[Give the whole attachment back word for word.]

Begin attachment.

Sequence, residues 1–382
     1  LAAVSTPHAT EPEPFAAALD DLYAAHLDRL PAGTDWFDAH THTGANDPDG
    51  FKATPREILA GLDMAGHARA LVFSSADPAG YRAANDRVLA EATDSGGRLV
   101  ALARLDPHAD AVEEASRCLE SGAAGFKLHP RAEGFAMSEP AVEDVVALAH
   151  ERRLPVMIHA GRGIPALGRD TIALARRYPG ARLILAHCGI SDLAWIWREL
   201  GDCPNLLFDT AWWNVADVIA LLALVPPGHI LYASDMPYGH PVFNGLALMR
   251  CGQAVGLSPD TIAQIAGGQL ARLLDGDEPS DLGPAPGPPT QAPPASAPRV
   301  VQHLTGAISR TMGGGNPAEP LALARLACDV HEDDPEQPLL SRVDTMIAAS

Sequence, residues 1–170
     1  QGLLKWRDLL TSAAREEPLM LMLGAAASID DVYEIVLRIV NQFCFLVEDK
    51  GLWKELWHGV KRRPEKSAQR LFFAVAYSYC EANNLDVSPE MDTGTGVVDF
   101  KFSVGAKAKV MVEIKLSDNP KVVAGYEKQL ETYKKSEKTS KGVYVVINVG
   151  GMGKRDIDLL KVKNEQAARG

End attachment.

Sequence, residues 1–382
     1  LAAVSTPHAT EPEPFAAALD DLYAAHLDRL PAGTDWFDAH THTGANDPDG
    51  FKATPREILA GLDMAGHARA LVFSSADPAG YRAANDRVLA EATDSGGRLV
   101  ALARLDPHAD AVEEASRCLE SGAAGFKLHP RAEGFAMSEP AVEDVVALAH
   151  ERRLPVMIHA GRGIPALGRD TIALARRYPG ARLILAHCGI SDLAWIWREL
   201  GDCPNLLFDT AWWNVADVIA LLALVPPGHI LYASDMPYGH PVFNGLALMR
   251  CGQAVGLSPD TIAQIAGGQL ARLLDGDEPS DLGPAPGPPT QAPPASAPRV
   301  VQHLTGAISR TMGGGNPAEP LALARLACDV HEDDPEQPLL SRVDTMIAAS

Sequence, residues 1–170
     1  QGLLKWRDLL TSAAREEPLM LMLGAAASID DVYEIVLRIV NQFCFLVEDK
    51  GLWKELWHGV KRRPEKSAQR LFFAVAYSYC EANNLDVSPE MDTGTGVVDF
   101  KFSVGAKAKV MVEIKLSDNP KVVAGYEKQL ETYKKSEKTS KGVYVVINVG
   151  GMGKRDIDLL KVKNEQAARG